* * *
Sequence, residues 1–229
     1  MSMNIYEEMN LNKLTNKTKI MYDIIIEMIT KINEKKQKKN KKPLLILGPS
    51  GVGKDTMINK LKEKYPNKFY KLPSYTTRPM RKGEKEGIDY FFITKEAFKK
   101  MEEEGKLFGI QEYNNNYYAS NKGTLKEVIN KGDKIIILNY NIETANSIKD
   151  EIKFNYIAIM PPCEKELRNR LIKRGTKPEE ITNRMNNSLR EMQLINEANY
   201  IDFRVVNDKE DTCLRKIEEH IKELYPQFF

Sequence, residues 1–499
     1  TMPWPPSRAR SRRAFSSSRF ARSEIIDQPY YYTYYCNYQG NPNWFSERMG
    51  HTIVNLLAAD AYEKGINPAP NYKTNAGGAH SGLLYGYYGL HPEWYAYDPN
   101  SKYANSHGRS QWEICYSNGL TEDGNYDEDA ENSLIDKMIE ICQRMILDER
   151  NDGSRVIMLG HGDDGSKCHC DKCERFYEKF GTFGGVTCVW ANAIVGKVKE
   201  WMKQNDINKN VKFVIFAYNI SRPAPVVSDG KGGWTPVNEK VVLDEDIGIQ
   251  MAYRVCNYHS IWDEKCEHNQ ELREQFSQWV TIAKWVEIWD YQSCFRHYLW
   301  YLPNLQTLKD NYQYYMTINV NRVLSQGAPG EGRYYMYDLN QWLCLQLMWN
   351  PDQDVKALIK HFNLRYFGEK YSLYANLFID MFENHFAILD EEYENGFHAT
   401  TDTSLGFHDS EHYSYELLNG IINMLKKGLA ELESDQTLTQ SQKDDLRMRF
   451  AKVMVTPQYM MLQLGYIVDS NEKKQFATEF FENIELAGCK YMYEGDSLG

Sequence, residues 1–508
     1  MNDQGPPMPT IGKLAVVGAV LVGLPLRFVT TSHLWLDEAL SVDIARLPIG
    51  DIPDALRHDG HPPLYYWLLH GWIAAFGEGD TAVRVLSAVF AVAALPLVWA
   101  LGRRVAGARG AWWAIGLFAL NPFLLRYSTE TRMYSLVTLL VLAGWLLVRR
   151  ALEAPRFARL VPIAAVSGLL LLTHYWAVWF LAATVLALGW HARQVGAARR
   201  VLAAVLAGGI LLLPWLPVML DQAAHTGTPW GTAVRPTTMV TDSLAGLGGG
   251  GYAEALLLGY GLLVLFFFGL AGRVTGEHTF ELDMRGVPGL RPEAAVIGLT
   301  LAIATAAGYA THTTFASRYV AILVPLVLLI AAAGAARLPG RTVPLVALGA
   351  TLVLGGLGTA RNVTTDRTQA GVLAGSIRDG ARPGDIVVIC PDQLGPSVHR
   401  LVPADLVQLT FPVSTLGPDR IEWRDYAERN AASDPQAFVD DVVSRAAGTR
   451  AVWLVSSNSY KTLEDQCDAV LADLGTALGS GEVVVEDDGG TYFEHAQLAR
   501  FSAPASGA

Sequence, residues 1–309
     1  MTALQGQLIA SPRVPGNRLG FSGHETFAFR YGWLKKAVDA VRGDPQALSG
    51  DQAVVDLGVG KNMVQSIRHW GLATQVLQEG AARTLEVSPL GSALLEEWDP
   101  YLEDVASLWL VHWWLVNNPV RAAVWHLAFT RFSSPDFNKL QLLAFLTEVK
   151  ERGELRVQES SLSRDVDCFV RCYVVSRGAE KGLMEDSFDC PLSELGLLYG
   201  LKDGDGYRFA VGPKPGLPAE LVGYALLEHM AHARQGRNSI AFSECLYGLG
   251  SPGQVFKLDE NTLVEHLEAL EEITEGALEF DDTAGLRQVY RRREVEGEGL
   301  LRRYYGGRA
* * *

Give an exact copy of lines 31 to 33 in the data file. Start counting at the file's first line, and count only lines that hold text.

     1  MTALQGQLIA SPRVPGNRLG FSGHETFAFR YGWLKKAVDA VRGDPQALSG
    51  DQAVVDLGVG KNMVQSIRHW GLATQVLQEG AARTLEVSPL GSALLEEWDP
   101  YLEDVASLWL VHWWLVNNPV RAAVWHLAFT RFSSPDFNKL QLLAFLTEVK